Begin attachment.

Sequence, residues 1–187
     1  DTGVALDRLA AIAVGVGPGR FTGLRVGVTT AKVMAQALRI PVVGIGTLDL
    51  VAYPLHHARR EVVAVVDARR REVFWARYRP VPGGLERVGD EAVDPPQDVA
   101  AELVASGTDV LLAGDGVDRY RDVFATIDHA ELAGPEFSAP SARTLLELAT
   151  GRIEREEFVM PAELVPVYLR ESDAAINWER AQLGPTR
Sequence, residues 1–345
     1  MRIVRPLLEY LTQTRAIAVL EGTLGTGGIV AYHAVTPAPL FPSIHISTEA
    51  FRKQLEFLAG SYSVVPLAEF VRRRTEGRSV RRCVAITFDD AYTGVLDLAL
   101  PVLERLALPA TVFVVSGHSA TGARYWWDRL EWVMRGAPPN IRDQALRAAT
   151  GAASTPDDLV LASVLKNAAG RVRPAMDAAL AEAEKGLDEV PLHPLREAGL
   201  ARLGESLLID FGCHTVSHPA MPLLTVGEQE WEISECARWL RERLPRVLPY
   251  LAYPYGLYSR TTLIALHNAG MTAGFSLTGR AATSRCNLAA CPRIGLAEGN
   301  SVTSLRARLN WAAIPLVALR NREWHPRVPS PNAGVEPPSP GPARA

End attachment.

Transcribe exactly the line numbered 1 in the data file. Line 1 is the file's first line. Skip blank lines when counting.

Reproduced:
Sequence, residues 1–187